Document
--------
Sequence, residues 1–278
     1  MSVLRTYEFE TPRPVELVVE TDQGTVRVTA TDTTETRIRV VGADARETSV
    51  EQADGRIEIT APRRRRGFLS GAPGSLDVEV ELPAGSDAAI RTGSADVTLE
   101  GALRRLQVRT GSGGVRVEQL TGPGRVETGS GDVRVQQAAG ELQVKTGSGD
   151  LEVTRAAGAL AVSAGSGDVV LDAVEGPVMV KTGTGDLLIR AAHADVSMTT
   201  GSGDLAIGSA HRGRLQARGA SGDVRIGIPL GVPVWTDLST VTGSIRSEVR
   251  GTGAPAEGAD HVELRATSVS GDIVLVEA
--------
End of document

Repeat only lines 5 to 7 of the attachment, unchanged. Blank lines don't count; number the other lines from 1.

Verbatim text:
   151  LEVTRAAGAL AVSAGSGDVV LDAVEGPVMV KTGTGDLLIR AAHADVSMTT
   201  GSGDLAIGSA HRGRLQARGA SGDVRIGIPL GVPVWTDLST VTGSIRSEVR
   251  GTGAPAEGAD HVELRATSVS GDIVLVEA